However it was a marker for things to come and when he kicked again on the narrow roads approaching ‘The Nick’ a gap was soon opened and the Plowman Craven man was joined on the lower slopes of the climb by David Clarke riding for the composite Team OANDS – himself no stranger to the roads of the Girvan having scored a second place on a stage of the 2003 race.
Working well together their lead had grown to 45 seconds by the summit and McCauley tightened his grip on the Carrick Gazette Polka Dot jersey, again taking maximum points on the line. The technical descent down to Rowantree Toll then the climb over Tairlaw saw visibility reduced to only a couple of metres with the low cloud and steady rain and almost inevitably there was a crash in the main field.
This presented an opportunity for Lee Davis (Pinarello RT) and Philip Brown (Velo Ecosse) to try an escape and they quickly established a gap, though the prospect of catching the leaders grew increasingly remote as they powered toward the first hot spot sprint in Straiton.
McCauley allowed Clarke to take maximum points at the prime, and also at the next sprint in Crosshill after 37.6 miles. By this time the leaders had more than 2½ minutes advantage over the main field which containing both Newton and Wilkinson, making McCauley the yellow jersey on the road and offering the prospect of one rider taking all three major classifications in the race.
With 41 miles gone, and the chasers now back in the peloton, McCauley and Clarke still had over two minutes lead as they began the climb of Hadyard Hill. But, just like in 2006, the peloton – with Newton’s recycling.co.uk in particular – began to lift the pace and by the prime line had cut almost a minute from the lead. Back into Barr and straight on to the next climb – ‘The Screws’ – the lead continued to come down with Newton himself driving at the front of the peloton.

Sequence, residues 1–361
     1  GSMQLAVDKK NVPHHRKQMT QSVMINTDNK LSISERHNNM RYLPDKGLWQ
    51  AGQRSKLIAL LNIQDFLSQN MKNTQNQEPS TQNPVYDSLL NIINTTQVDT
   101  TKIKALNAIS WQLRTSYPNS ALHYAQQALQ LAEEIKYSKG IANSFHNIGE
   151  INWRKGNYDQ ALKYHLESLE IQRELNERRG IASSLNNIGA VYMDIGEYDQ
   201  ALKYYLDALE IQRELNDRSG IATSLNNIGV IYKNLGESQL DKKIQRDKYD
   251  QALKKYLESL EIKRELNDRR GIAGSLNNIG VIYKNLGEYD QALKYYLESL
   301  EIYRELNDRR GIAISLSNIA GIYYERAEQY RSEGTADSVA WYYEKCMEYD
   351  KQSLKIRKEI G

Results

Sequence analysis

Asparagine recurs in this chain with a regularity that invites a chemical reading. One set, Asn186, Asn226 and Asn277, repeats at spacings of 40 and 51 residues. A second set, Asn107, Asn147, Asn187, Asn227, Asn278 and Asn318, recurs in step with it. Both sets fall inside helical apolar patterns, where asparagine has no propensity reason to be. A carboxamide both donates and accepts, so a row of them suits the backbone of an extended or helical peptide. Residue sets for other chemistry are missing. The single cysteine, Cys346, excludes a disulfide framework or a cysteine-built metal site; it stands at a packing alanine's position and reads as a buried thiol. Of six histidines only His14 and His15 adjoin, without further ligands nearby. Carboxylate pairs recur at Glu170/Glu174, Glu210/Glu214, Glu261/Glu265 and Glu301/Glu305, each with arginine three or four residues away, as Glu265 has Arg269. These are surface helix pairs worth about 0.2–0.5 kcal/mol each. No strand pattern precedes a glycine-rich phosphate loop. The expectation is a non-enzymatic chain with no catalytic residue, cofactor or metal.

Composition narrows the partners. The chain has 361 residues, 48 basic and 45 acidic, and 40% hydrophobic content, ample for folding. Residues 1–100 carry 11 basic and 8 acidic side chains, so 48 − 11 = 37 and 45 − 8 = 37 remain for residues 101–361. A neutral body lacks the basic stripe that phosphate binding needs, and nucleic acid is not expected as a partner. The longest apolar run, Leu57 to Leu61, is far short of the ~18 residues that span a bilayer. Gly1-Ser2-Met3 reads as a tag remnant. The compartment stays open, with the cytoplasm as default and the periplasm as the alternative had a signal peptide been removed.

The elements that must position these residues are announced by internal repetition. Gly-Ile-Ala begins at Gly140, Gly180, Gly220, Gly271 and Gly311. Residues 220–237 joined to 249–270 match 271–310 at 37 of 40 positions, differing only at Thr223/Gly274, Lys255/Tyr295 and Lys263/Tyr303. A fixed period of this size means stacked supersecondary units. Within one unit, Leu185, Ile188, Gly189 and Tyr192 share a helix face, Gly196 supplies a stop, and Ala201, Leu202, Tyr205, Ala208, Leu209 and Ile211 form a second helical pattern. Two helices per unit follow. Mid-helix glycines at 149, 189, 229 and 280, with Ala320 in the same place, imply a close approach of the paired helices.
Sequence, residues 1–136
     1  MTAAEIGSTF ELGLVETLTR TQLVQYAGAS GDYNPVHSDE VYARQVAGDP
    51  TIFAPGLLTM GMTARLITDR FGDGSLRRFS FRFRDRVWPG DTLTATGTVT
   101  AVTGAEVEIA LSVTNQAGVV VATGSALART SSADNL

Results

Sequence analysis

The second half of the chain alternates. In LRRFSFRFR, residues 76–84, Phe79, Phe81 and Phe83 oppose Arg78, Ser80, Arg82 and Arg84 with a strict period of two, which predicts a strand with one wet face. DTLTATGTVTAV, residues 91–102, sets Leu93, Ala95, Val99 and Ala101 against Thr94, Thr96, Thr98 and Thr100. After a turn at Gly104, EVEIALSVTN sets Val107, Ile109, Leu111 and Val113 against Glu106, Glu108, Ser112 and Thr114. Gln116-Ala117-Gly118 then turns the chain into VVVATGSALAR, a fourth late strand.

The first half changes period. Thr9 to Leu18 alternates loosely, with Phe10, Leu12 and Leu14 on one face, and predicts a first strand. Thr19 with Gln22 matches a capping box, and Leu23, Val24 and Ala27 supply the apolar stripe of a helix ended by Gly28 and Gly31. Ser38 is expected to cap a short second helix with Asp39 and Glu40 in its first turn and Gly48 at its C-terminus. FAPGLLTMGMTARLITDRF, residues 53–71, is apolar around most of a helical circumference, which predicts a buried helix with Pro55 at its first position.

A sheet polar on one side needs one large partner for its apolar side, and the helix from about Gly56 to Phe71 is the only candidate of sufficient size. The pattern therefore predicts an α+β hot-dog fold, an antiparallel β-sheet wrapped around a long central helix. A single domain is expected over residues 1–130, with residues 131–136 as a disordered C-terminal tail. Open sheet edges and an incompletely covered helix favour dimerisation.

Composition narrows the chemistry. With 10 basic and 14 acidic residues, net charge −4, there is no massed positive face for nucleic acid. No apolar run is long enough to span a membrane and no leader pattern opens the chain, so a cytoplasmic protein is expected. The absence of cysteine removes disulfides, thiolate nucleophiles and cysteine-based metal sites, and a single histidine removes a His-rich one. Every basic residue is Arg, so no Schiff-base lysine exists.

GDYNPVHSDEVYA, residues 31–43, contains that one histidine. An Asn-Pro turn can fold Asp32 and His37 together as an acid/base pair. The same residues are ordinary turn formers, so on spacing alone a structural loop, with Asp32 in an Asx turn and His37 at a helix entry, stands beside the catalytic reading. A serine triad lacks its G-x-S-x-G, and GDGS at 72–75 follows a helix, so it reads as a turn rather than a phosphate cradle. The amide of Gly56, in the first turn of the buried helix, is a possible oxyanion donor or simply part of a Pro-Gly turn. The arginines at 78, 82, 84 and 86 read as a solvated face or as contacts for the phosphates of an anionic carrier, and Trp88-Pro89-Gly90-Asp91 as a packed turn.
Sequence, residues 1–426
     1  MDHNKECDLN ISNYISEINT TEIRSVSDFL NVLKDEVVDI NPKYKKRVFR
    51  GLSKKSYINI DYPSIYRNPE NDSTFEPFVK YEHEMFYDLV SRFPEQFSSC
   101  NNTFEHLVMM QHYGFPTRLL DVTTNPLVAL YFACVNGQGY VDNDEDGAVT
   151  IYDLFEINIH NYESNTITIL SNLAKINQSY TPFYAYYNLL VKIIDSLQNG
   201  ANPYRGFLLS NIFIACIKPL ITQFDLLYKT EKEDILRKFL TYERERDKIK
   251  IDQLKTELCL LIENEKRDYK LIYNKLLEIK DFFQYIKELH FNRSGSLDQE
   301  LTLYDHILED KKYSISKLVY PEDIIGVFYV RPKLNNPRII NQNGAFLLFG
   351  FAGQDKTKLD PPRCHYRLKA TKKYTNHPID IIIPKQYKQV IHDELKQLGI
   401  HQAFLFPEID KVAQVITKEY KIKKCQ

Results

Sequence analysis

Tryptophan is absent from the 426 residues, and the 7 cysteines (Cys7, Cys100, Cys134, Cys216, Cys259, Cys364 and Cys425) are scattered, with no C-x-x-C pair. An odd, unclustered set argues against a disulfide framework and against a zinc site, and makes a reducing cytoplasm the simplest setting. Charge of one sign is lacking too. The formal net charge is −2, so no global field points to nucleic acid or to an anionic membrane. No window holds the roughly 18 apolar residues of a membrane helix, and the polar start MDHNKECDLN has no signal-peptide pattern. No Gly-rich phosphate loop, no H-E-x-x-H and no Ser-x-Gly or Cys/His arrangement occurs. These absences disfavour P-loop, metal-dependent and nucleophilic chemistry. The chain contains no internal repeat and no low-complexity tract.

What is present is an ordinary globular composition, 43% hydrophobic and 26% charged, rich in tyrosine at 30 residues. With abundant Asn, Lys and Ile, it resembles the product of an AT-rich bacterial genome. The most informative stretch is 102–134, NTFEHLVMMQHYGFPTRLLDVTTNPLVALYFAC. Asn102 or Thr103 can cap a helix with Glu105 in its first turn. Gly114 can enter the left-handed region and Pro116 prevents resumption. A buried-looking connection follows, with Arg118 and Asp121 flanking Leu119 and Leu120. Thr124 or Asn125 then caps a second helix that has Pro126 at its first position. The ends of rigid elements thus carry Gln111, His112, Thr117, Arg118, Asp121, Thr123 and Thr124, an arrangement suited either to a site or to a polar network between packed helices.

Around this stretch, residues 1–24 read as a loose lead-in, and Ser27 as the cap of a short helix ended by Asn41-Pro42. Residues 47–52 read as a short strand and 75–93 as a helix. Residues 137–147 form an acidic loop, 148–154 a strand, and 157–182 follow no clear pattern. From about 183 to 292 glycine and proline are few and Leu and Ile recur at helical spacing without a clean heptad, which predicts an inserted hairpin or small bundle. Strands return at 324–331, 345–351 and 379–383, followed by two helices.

The efforts paid off as McCauley and Clarke saw their lead reduced to just 40 seconds. McCauley had settled for second place at each of the prime points, content that he had sufficient points to retain both classifications at the end of the race.
As the race headed back towards Girvan for a final 15 mile loop it was Sportscover rider Mark Lovatt who put in a strong attack and this was the catalyst for others to go too, and by the final hot spot at Victory Park the leaders were almost caught. The frantic pace had fragmented the peloton and when McCauley and Clarke were finally reeled in at 57.6 miles just 11 riders remained in contention for the stage win. Significant amongst them were Newton, Wilinson, Lovatt, Robin Sharman (KFS Special Vehicles), Dean Downing (Rapha Condor RT), Graham Briggs (recycling.co.uk) and John Tanner (Sportscover).